Tuesday, 7 September 2010


Dear Football,

Well, we both knew this day would come, though I guess we hoped it wouldn't be as soon as this. Any relationship as strong, passionate, intense and lasting as ours is difficult to put aside, but as you know this decision has been taken out of my hands. We've spent literally thousands of hours together over twenty-five years or so - from at the time seemingly epic lunchtime matches in the playground, to a summer kickabout at the meadows, to bad-tempered indoor five-a-side sessions, to glorious league deciders on windy April mornings and cup finals on pleasant May evenings. In all your various forms, from first to last, I have loved you.

More than anything, I'll remember those countless happy Saturday afternoons. Rushing to the ground, with that pleasant twinge of nervousness in my stomach. Relishing the opportunity to renew old rivalries, start some new ones, and strive with my team mates to overcome all sorts of ridiculous obstacles: horrible weather, appallingly indisciplined opponents, a dreadful pitch, an ageing and sensory-impaired match official (or three). Into the changing room with the rickety benches. Valuables into a communal bag lest they be stolen, and out onto the pitch for a cursory warm-up. Glances to the car park for late arrivals. Eventually they pull in, and miraculously we have time for a brief team talk. The first half is a blur, over almost as soon as it begins. Oranges at half time, another team talk, and back onto the playing surface. Forty-five more minutes of exertion. The whistle blows. Back to the changing rooms. More discussion, which continues in the bar afterwards. No small amount of piss-taking. Couple of drinks. Packet of crisps, maybe a mars bar, occasionally a roll. Time to go. See you next week.

Yet within the routine, there was so much uniqueness. So much beautiful detail. No two matches were ever the same. You never lost that capacity to surprise me. I was constantly captivated by your frenetic unpredictability and your sheer energy. When I was with you nothing else mattered. Nothing else even entered my mind when we were together. It was just you and me. And twenty-one others. It was an addiction of sorts, I suppose, only one without the nasty side-effects.

From the early days as a tricky (if not quite flying) winger, darting past hapless full-backs to supply the front men, occasionally cutting inside to unleash a shot of my own. To the years patrolling the midfield. Tackles, passes, headers, up and down the pitch for ninety minutes. Finally the central defensive period. Battles with enormous or pacy strikers. Frequent facial injuries. Goal line clearances. Raking long passes. Baying instructions to team mates.

And then there were the goals - oh the goals! That Division Three match playing for the reserves when I went past five players before lifting the ball over the advancing keeper. The free-kick from the halfway line. The curling volley into the top corner. The towering headers. The thirty-five yard strike that soared with radio-controlled accuracy into the very top corner of the goal. The left-footed half-volley from similar distance that smashed against the bar, down onto the back of the goalie's hopelessly late-dive, and into the net. Hell, even that bundled effort with my stomach from a yard. Such a feeling of triumph, of elation, of release, and of the purest, sweetest joy.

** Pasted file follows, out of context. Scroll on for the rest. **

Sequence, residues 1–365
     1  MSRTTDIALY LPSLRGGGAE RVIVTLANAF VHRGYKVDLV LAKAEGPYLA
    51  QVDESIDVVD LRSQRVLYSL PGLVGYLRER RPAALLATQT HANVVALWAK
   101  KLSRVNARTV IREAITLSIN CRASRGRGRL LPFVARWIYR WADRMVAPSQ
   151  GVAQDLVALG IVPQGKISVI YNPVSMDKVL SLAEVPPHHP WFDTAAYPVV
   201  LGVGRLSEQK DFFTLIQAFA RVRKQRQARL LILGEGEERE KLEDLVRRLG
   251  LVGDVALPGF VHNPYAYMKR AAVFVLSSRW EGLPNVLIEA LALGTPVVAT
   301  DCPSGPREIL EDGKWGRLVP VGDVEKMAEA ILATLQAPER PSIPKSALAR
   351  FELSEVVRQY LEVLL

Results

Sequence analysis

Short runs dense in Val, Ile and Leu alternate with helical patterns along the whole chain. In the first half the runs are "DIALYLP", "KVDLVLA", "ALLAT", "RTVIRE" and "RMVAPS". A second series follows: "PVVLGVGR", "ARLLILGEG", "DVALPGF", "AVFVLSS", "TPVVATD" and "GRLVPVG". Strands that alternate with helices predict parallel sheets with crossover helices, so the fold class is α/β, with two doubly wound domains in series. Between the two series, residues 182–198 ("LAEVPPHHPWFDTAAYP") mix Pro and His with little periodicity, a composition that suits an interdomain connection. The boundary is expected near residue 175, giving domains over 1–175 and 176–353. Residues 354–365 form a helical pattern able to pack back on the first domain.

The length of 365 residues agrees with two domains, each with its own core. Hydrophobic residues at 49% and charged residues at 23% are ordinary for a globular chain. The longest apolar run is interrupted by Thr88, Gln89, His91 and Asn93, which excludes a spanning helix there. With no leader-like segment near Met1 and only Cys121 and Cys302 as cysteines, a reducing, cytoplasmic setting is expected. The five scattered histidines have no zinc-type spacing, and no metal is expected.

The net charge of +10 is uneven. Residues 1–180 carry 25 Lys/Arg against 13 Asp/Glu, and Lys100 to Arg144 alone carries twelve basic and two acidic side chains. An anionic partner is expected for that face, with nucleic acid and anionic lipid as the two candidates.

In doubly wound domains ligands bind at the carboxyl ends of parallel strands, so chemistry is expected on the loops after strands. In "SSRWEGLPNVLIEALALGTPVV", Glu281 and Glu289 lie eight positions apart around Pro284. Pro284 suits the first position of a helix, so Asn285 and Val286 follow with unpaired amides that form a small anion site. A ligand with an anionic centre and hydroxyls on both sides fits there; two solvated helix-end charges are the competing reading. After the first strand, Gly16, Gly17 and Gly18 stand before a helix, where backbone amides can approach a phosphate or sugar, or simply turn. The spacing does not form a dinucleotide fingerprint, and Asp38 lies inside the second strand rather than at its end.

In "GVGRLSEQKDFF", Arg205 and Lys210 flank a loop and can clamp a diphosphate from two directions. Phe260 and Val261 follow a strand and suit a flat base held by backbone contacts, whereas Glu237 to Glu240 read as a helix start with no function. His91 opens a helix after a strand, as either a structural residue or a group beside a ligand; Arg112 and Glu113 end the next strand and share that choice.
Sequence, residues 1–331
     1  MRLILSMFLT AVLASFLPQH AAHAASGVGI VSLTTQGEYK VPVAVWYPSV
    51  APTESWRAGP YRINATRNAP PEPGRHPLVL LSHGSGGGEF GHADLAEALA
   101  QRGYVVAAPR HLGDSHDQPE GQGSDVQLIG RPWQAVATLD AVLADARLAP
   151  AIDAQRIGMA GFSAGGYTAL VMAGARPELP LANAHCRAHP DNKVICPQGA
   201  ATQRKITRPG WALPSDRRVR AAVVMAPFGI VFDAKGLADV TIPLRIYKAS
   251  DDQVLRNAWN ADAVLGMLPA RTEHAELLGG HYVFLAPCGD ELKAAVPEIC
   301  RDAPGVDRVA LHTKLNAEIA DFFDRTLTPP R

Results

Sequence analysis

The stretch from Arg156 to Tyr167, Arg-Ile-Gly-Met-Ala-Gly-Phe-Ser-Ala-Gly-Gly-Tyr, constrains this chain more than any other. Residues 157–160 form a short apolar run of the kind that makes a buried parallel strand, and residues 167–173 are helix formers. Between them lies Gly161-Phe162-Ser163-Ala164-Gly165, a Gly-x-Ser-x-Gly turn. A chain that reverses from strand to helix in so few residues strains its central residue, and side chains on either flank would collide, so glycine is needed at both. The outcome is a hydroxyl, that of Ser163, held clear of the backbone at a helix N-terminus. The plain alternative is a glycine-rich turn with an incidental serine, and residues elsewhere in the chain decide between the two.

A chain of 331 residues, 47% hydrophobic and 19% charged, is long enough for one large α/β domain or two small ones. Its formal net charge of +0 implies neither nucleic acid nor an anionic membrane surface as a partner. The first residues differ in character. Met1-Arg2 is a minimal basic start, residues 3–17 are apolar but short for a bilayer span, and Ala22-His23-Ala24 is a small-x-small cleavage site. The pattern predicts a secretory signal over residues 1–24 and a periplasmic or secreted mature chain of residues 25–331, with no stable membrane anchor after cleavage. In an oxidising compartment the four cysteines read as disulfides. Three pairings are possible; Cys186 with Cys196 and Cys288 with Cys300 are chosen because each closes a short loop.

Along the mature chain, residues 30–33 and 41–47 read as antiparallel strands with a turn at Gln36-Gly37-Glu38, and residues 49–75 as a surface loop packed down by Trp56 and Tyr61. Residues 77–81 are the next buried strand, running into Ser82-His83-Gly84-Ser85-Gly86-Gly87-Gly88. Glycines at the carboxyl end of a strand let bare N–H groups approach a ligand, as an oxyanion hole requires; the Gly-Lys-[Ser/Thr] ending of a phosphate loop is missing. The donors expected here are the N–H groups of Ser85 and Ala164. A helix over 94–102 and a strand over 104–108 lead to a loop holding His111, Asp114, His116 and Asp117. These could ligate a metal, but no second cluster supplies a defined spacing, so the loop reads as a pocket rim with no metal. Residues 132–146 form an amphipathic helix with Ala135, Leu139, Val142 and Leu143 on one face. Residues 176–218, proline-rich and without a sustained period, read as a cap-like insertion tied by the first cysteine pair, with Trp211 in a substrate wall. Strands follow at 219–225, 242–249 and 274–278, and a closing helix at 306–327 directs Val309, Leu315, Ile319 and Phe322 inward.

I also look back on the more unsavoury moments with fondness, and even amusement. When I called that bloke a cock because he charged me in the back and the referee threatened to send me off unless I apologised. The cut nose I sustained from a punch in the face in a 7-3 victory in which I scored two penalties. That time I cut my eye whilst challenging for a header, only to meet with a flurry of punches from the guy I had collided with. The massive right hook to the chin I took whilst running innocently along in one game. Being slapped after kicking someone accidentally in the indoor five-a-side league. Being told in the early stages of an away match in the county cup "You're a long way from home, mate".

Then the downright ridiculous. Drawing 1-1 in a cup game with only seven players with one of my chaotic Sunday teams, then losing the replay a week later, again with seven players, 14-1. Losing my first ever organised match as a ten-year-old, 20-0. Playing in winds so strong that the ball would blow back towards you and over your head after you'd tried to clear it. Getting changed in car parks, barns, fields. Being too shy to use communal showers. Getting cramp whilst driving a thirty-mile return journey after a match.

I cling to my memories of every incident like precious newspaper clippings and photographs of old friends and beloved family members. Right now there is a virtually limitless supply of recollections, anecdotes and mental pictures, but it saddens me that as time goes on I may not be able to preserve them all. It devastates me that there will be no more opportunities for us to create new ones together.

So many places. So many people. Soaring highs, crushing lows. Anguish, regret, happiness, disappointment, determination, disbelief, injustice, camaraderie, laughs, anger, torment, pain, release, joy, always joy. Thousands of shots, thousands of tackles, thousands of headers, thousands of passes, hundreds of goals. Fleeting moments of absolute perfection. About a dozen bookings - all but two or three for sarcastic comments to referees. No sendings off. Not even close. Why would I want to miss one second of one match?

You are perhaps the one true love of my life. Sure, you took a great deal, but you gave me everything. I am more grateful than I could possibly express. Thank you so much. Just between you and me, I'm not sure I'm going to be able to manage without you.

The mitre ultimax-shaped hole in my life may never be filled.

Love always,